Could a lawyer have helped Cecil Stockwell accomplish what he wanted? Absolutely, and at a much smaller cost than his sons ended up paying to their lawyers to sort out the meaning and effect of the vest pocket deeds. With good legal advice, Cecil might have gone ahead and recorded the “life estate” deeds he signed in 2001 — though he would then have given up the ability to make further changes. A lawyer might have recommended that he transfer all of his property into a revocable living trust, which would have allowed him to retain the ability to change who would receive which parcel at his death, and even to make clear who would farm each parcel until that time. Even a will naming beneficiaries would have been less expensive than the vest pocket deeds — as it turned out, his sons filed a probate proceeding anyway, and avoidance of probate might well have been Cecil’s primary motivation.

Because Cecil Stockwell did not live in Arizona (or Arkansas, Colorado, Indiana, Kansas, Missouri, Montana, Michigan, Nevada, New Mexico, Ohio, Oklahoma or Wisconsin) he did not have one useful option available to him. An attorney in those states could have told him about the concept of a “beneficiary” deed — sometimes called a “transfer on death” or “TOD” deed — which might have been exactly what he needed. Such a deed is revocable, but makes the transfer automatic upon the owner’s death. If that had been available to him, it might have let him record his deeds back in 1992 and again in 2001 without blocking him from making later changes as his feelings toward his sons changed.

Pre-Death Transfers By Two Seniors Invalidated As Frauds


Two recent cases, from the courts of Wisconsin and Tennessee, set aside transfers of property made by seniors prior to their deaths. While the circumstances are different, the two cases illustrate some of the typical motivations for gifts to children, as well as the possible effects of such transfers.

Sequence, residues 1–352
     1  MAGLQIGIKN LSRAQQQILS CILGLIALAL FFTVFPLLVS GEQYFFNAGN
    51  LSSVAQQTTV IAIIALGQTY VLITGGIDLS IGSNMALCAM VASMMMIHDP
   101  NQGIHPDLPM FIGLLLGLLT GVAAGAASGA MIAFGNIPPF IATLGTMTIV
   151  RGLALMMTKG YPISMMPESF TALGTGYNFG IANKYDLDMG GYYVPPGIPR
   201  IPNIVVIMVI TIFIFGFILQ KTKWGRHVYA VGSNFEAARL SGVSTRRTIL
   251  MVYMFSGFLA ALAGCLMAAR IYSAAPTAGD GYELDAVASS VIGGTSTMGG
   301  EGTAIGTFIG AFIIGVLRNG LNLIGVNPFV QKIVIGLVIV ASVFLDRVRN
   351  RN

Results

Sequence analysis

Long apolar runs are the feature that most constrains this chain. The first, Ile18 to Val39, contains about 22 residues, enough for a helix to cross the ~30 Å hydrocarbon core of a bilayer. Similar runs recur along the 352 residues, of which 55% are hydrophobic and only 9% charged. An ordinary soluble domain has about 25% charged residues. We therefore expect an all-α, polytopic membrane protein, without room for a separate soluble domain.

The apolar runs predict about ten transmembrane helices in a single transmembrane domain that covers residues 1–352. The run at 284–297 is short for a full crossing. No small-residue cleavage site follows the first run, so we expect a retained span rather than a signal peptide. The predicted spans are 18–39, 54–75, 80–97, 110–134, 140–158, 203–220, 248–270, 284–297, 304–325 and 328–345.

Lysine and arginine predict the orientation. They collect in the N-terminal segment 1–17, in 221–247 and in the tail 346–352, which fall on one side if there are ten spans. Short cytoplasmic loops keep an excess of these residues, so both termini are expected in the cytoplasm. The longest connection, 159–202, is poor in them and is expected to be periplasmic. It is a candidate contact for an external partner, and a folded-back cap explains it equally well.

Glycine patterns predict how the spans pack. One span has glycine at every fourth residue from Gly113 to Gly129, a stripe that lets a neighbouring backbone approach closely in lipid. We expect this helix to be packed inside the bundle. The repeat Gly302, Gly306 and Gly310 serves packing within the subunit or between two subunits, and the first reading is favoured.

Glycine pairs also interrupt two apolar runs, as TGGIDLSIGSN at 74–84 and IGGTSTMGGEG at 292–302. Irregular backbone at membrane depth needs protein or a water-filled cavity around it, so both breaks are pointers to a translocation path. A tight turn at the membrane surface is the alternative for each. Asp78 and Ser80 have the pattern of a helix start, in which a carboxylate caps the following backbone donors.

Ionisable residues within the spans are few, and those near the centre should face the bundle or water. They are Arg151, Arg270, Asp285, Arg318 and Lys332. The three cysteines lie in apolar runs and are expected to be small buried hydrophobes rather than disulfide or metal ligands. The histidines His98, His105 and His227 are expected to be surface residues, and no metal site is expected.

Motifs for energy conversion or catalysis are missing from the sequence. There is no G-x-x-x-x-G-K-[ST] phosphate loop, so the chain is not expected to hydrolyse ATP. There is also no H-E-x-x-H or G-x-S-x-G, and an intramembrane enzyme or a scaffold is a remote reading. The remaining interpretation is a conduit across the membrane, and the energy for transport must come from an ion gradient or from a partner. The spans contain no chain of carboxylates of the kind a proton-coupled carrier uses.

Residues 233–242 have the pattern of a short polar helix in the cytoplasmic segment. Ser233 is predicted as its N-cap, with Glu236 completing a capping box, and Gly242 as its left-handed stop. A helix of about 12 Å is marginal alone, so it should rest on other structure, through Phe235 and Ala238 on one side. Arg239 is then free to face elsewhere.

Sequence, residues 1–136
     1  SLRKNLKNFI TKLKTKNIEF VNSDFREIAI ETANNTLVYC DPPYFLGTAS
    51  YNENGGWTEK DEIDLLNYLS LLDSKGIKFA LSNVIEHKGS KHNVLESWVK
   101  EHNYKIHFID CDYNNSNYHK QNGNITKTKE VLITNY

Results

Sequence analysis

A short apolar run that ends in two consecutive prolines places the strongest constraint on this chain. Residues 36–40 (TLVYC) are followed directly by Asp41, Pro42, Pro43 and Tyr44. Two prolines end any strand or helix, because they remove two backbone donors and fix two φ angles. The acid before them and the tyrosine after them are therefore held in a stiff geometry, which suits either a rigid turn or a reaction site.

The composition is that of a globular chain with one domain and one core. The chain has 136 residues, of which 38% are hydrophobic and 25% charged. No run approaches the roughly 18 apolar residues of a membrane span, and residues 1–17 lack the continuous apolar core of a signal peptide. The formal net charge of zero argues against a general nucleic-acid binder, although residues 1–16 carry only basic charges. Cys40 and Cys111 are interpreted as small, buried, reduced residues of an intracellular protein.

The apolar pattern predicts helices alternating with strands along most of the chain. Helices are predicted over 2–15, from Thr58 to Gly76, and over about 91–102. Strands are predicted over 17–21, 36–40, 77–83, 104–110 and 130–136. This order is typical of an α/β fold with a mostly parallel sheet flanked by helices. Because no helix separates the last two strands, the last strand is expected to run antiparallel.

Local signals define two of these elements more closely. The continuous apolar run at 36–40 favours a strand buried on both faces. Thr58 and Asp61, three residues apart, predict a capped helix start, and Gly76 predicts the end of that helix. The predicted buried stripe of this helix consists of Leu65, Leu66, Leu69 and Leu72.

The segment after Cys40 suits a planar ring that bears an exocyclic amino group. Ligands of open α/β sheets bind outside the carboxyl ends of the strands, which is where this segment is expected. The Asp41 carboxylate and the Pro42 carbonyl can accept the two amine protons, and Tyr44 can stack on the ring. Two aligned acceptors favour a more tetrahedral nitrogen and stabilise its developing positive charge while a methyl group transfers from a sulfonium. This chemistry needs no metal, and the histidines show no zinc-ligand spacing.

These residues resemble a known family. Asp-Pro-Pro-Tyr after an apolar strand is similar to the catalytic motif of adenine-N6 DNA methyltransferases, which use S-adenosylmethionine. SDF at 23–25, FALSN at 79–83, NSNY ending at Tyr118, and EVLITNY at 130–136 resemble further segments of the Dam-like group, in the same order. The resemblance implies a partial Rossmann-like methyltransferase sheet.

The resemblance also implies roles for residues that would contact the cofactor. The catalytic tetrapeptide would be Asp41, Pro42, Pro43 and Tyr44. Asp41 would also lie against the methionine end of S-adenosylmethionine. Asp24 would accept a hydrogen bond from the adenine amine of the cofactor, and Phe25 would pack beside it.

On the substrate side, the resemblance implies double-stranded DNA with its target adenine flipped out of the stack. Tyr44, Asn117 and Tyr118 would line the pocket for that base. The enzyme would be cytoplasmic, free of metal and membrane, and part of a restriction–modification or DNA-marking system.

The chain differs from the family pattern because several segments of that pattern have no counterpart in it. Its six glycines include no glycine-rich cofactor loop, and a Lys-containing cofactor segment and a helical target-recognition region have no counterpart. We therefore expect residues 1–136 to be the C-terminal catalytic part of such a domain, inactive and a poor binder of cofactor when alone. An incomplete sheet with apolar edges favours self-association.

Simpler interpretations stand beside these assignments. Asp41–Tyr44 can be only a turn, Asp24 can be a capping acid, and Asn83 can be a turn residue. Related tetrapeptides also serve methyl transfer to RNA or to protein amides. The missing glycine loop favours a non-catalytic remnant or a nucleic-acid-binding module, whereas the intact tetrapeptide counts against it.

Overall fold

The “Vest Pocket” Deed

When Acie Lee Maness married Jewell Maness in 1975, he already had three grown sons and a 330-acre farm in Henderson County, Tennessee. He and Jewell both worked (he for the City of Lexington, she for two private employers). While her income paid for food, utilities and household bills his income was mostly used to pay expenses on the farm.

Mr. Maness ran a small herd of cattle at the farm, and allowed his sons to keep a few head of their own on the property. At different times, Mr. Maness even gave each of his sons an eight-acre parcel on the edge of the farm. It was clear, however, that Mr. Maness operated the farm, with only occasional help from his sons. Until 1992, the farm income (and Mr. Maness’ wages) went to pay off a mortgage on the farm as well.

Shortly after Mr. Maness’ death in 1993, one of his sons informed Mrs. Maness that he had transferred the farm to them nearly ten years earlier. When she investigated, she discovered that Mr. Maness had signed a deed to the property, conveying it to his three sons, and had given the deed to his son Willie. He had instructed Willie and his wife not to tell anyone about the deed, and to hold it in their safe deposit box (such unrecorded deeds held until the death of the original owner are sometimes called “vest pocket” deeds). They had removed it and recorded it three days after Mr. Maness’ death, and the title now appeared to be in the sons’ names.

Mrs. Maness sued to set aside the transaction, alleging that it was fraudulent because it had the effect of depriving her of her statutory right to inherit a portion of her husband’s property. In Tennessee, as in most states, a surviving spouse is entitled to at least a share of the deceased spouse’s estate, and Mrs. Maness argued that the transaction deprived her of that right.

Noting the secrecy with which the deed was cloaked, the Tennessee Court of Appeals agreed with Mrs. Maness. The court also noted that even by a conservative estimate the farm constituted nearly two-thirds of the value of Mr. Maness’ estate, and Mr. Maness’ behavior in hiding the transaction from his wife indicated that he had intended to defraud her of her inheritance rights. Maness v. Estate of Maness, Tenn. Court of Appeals, November 12, 1997.

The Medicaid Transfer

Meanwhile, in Wisconsin, Janet D. Johnson lived with her daughter Jean during what turned out to be Mrs. Johnson’s last illness. Mrs. Johnson had a will which directed that all her assets be divided equally among her four children. Shortly before her death, however, Mrs. Johnson transferred all her investment accounts into Jean’s name.

At about the same time, Mrs. Johnson made an application for Medicaid benefits from the State of Wisconsin. In that application, she falsely alleged that she had no remaining assets, and that she had made no gifts during the previous 36 months. Apparently, the principal purpose of the transfer had been to attempt to make Mrs. Johnson eligible for Medicaid assistance with the cost of her care.

Mrs. Johnson died shortly thereafter, and her other children sought to have the property returned to her estate. The Wisconsin Court of Appeals ruled that Jean held the assets in a “constructive trust” for the benefit of the estate (and, ultimately, the four children). In effect, the transfer was set aside.Estate of Johnson, Wisc. Court of Appeals, September 2, 1997.